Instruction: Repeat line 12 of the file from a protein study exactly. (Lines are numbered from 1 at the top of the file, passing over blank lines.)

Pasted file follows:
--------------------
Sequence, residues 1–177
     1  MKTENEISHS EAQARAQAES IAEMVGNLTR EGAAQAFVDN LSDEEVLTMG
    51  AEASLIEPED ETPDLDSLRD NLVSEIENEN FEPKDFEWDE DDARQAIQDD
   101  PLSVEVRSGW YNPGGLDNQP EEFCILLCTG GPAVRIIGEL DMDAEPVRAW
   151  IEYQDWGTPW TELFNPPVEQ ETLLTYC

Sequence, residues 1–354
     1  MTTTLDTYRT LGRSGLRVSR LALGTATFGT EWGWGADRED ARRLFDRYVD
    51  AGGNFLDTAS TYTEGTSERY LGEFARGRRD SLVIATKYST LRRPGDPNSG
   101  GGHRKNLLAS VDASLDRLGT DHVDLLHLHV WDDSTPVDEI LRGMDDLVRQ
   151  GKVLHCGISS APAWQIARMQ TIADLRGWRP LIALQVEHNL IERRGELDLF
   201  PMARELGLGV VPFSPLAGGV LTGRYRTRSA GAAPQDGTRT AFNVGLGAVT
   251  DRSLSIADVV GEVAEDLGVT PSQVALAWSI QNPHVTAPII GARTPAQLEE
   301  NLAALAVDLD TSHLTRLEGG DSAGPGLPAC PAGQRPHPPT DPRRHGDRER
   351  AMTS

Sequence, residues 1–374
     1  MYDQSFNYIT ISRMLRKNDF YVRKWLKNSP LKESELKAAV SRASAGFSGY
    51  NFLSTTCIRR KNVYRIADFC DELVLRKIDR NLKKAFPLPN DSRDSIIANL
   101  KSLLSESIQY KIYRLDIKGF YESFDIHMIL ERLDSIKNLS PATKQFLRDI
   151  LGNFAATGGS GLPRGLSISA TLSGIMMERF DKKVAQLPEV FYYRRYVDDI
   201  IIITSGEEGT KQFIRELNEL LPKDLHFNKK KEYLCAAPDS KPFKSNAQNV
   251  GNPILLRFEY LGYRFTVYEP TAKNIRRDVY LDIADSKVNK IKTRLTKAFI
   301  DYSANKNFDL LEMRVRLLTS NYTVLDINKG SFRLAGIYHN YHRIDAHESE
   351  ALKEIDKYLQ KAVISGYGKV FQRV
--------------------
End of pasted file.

   251  DRSLSIADVV GEVAEDLGVT PSQVALAWSI QNPHVTAPII GARTPAQLEE